CIMA operates a standard scheme of qualifying examinations for prospective members. It promotes local education, training and management development operations, and new techniques through its research foundation and the dissemination of management accounting practices through publications and other media related activities. CIMA has been active in recent educational and vocational initiatives in former Eastern bloc countries. It publishes a monthly journal, supplied free to members and registered students, called ‘Financial Management’.
CIMA is recognised as a professional accounting body for various statutory purposes by UK and various overseas governments. The institute regulates the activities of its members by a code of practice, a discipline committee and (a recent innovation) a continuing education scheme. Its governing body is its council, comprising members elected from regional branches. Each of the branches has a committee and is responsible for much of the ‘grass roots’ activity. Activity such as qualification development is undertaken from the London head office.
The CIMA Global Business Challenge, an annual international business and strategic management competition for undergraduates around the world, is designed to bring out the best in the young business leaders of tomorrow.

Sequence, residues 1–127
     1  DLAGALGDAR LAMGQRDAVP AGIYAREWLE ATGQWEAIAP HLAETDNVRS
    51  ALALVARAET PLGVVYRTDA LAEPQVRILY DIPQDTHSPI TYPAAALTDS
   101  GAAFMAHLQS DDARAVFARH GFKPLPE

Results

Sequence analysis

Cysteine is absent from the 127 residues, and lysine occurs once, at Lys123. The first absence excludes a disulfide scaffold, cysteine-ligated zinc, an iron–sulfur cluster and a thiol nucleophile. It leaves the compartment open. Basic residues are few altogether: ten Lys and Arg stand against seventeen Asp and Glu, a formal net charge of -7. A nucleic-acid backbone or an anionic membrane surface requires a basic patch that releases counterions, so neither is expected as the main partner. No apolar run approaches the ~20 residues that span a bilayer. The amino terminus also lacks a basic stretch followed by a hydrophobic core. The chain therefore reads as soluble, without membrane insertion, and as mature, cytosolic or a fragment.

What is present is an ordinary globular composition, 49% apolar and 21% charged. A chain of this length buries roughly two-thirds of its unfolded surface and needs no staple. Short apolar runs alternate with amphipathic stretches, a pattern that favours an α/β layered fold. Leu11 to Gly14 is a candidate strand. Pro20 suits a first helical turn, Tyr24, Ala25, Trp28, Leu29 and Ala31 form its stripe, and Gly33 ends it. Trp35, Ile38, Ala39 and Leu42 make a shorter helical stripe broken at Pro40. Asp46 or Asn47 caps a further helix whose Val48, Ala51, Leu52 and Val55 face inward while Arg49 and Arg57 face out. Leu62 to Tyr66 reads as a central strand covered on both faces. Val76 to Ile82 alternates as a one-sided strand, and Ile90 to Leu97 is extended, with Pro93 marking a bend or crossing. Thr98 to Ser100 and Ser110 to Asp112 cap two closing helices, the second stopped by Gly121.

In July 2009, CIMA added an online community – CIMAsphere – to its website. The community consisted of a range of blogs, discussion boards, groups, community answers, expert Q&A sessions and some social networking features for members, students and the general public. This has since been shut down. Members are instead encouraged to join the CIMA LinkedIn group, and students are directed to CIMAconnect, an online study support portal.
In 2011, CIMA entered into a joint venture with the American Institute of Certified Public Accountants (AICPA) to launch a global management accounting designation called the Chartered Global Management Accountant (CGMA).In the Americas outside the U.S., non-U.S. CPAs can obtain the new designation as an AICPA International Associate, after a rigorous assessment process. In the rest of the world, new designation holders are able to become members of CIMA after the same assessment process.
CIMA is proactive to tie up with American CPA because of the current convergence trend between US-GAAP and IFRS, reinforced following the merger of the iconic New York Stock Exchange with Germany’s Deutsche Boerse AG. “It remains to be seen whether companies listed in a combined exchange would be required to report under IFRS, US GAAP or both, but as the US appears to be moving towards IFRS adoption it is more likely the international standards would be the accounting rules of choice”.
Complete Details on CIMA Strategic level